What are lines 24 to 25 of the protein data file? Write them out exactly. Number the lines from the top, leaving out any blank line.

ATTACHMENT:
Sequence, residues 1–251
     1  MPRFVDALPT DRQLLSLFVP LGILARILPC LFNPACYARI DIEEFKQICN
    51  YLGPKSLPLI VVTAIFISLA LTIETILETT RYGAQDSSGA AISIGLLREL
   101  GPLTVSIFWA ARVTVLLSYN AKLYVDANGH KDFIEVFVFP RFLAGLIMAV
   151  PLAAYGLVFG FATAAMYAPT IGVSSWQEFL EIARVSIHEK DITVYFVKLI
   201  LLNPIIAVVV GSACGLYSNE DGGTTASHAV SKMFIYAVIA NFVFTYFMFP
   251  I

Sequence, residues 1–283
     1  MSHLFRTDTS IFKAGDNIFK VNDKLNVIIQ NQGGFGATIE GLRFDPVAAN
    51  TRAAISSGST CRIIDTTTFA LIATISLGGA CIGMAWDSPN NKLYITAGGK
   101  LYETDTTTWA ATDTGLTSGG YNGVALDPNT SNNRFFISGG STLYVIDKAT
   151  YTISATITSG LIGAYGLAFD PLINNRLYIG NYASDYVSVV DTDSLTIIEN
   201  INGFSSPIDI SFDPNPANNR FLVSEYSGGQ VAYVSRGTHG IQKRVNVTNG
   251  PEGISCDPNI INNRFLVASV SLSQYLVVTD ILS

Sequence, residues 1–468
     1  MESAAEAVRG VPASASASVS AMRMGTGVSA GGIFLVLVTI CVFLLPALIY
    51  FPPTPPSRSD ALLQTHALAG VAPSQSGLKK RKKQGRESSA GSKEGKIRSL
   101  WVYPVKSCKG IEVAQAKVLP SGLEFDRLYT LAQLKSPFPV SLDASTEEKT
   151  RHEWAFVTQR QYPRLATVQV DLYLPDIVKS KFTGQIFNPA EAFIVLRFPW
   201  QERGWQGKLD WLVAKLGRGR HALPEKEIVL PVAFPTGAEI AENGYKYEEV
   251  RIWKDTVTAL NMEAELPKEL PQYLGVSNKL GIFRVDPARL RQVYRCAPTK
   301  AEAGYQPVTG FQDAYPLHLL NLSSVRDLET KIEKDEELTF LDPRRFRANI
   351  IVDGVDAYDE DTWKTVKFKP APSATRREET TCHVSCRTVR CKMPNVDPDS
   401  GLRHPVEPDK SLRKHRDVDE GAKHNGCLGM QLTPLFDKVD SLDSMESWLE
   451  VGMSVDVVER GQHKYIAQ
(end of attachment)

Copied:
   401  GLRHPVEPDK SLRKHRDVDE GAKHNGCLGM QLTPLFDKVD SLDSMESWLE
   451  VGMSVDVVER GQHKYIAQ